The fact that nearly half of the patients had not heard about volunteering befriending programs raises awareness that more promotion is required in order to increase the knowledge of these opportunities for patients in the community, providing them with the option to engage if interested. Therefore, these findings may have implications for how social interventions, such as volunteering are promoted and advertised to patients.

The variability in patients’ interests suggests that volunteering should be offered in different formats and with enough flexibility to incorporate individual preferences.

Digital tools are increasingly being considered as a promising avenue for improving access to and quality of mental health care [50]. This is particularly true for young people given the omnipresence of digital technologies in their daily lives. Therefore, it is arguably the right time for technology to support and complement many areas of mental health care, and as such, provide volunteer support. Such digital programs are likely to widen the options for volunteering substantially and their provision might enable patients to choose from different models.

While the traditional face-to-face volunteering models focus on patients with lower quality of life, supporting them to leave their homes and do more social activities; models of providing volunteering digitally may offer something different, and may require different input from volunteers. These formats of delivery may require different resources (e.g. providing different support to both patients and volunteers or changing the typical training and supervision of volunteers). Furthermore, digital volunteering may also help to recruit new types of volunteers and open up the possibility of volunteering across large distances and even across countries.

Even though digital volunteering may be comparatively easier to arrange than face-to-face encounters, it may bring other challenges and barriers. This could for example encompass patients facing financial costs to use these tools [42], or issues around data confidentiality and data security of the communication.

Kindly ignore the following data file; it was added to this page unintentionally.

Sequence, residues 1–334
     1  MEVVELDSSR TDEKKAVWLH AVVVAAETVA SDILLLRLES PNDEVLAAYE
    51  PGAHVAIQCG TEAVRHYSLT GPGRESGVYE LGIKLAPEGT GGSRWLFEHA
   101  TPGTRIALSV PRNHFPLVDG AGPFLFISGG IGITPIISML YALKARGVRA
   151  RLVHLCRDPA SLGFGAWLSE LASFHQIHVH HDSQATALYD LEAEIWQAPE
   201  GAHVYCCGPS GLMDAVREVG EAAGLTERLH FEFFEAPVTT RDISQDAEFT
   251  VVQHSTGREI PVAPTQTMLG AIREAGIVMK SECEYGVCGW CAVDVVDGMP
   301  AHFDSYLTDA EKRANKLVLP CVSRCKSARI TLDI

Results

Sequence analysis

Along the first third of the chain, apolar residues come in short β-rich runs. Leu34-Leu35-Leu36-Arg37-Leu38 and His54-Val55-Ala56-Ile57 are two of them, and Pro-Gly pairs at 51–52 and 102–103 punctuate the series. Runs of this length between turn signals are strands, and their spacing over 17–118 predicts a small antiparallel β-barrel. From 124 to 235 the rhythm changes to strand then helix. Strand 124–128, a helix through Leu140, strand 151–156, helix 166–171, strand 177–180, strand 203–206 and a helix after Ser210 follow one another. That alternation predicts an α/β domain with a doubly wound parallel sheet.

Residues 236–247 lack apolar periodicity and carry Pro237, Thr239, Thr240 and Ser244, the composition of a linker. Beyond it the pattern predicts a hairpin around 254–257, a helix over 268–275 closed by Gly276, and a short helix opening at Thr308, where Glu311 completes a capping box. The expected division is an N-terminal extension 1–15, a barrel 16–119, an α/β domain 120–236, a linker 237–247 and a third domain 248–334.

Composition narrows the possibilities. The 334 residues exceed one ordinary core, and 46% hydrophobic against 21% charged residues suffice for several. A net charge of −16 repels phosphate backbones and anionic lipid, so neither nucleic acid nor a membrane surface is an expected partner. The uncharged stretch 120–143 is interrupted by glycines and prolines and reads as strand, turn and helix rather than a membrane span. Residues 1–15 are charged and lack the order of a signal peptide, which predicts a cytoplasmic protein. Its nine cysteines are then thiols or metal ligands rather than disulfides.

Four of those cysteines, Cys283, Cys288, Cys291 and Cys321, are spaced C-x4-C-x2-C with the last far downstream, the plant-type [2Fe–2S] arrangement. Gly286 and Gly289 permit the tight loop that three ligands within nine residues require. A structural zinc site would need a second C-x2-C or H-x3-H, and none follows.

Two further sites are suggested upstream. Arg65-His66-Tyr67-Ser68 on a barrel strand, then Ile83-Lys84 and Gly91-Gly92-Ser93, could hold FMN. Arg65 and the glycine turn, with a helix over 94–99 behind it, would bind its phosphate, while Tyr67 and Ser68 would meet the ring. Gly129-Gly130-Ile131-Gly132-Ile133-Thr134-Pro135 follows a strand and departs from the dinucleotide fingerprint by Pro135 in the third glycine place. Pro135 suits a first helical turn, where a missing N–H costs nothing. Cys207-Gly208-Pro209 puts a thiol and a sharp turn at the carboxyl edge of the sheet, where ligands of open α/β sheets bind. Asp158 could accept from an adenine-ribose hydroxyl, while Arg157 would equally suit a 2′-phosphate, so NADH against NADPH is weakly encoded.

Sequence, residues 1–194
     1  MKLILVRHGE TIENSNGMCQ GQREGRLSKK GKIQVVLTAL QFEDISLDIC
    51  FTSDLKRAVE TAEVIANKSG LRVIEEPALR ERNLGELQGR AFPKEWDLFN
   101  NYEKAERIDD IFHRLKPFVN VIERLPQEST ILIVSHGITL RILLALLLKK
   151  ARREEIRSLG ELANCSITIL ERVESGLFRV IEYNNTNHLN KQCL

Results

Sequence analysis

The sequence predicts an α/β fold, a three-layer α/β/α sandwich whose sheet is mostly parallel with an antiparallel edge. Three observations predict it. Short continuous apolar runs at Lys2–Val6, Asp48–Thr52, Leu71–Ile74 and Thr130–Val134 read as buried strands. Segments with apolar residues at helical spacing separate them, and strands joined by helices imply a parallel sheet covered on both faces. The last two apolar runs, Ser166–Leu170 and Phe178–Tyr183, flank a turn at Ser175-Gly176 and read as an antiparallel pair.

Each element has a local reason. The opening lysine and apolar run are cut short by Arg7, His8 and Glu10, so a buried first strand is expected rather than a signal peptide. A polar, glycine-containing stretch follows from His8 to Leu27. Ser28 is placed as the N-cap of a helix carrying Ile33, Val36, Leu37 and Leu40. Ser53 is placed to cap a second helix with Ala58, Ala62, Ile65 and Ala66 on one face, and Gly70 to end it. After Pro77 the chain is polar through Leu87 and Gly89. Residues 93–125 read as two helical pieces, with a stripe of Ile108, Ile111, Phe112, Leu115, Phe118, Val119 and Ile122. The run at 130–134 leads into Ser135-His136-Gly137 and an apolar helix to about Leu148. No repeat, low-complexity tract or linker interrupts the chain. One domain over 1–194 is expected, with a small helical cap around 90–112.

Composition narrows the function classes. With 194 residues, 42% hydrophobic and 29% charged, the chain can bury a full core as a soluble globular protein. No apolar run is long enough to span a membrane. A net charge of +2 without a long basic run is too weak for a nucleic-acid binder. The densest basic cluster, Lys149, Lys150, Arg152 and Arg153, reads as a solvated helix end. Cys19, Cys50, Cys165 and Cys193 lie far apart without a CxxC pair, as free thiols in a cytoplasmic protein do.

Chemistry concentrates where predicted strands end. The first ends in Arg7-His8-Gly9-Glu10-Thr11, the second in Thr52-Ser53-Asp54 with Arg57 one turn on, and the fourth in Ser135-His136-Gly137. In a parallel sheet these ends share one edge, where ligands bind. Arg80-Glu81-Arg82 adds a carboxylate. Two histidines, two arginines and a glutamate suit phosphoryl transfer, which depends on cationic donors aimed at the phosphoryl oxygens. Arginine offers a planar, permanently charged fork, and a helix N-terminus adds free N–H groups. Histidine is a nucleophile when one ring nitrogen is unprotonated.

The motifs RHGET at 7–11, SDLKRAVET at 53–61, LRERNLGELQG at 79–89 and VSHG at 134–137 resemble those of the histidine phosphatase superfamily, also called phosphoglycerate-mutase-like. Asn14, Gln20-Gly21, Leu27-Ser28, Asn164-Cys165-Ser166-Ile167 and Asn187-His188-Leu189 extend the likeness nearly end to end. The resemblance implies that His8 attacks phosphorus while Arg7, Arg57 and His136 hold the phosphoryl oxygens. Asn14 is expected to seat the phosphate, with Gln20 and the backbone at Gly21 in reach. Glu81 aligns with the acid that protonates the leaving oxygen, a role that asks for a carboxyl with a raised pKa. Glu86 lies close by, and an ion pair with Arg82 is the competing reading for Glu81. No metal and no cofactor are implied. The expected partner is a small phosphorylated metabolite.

Although digital volunteering appears appealing to a significant number of patients with psychotic disorders, developmental work and research evaluation is required to design and provide such volunteering support that is also appealing to volunteers and leads to beneficial experiences for both patients and volunteers. The question however if these digital interactions would come as a complement or replacing face-to-face encounters should also be further explored and studied.

The interests that patients expressed of having open-ended relationships with the volunteers, for volunteers to be in contact with the mental health teams, and for organisations to cover expenses, may have implications in practice and policies, and pose challenges to its implementation.

These findings indicate that quality of life is important when considering patients’ likelihood of being interested in face-to-face volunteering programs. Hence, patients with higher interest to seek out a volunteer may also be those who are most in need of it, and are likely to gain more from it. Equally, these findings indicate that younger patients with fewer years of diagnosis were more likely to be interested in digital volunteering, suggesting that offering digital models of volunteering, for example linked with early intervention services, may become more important in the future.

In light of this, future research should investigate the feasibility of face-to-face volunteering targeting the subjective quality of life of people with psychosis, and the feasibility of digital volunteering targeting patients who are younger and at an early stage of their illness.


The findings indicate that more than half of the patients with psychosis have not heard of volunteer befriending programs. Those with lower quality of life were more likely to express interest in getting face-to-face volunteering input, and patients who were younger and with fewer years of diagnosis were more likely to be interested in getting digital volunteering. This highlights the potential for digital volunteering to increase in the future. The variability of the views from patients with psychosis in this study suggests a need for flexibility and innovation in the design and models offered, with a variety of contact methods, in order to maximise the potential benefits of volunteering.


The authors would like to thank the participants that gave their time to take part in this study.

We would also like to thank the staff from the community mental health teams in East London NHS Trust, and the researchers at the Unit for Social and Community Psychiatry, in particular the wider VOLUME team. Special thanks to Tahania Ahmad for her advice with the statistical analysis of the data.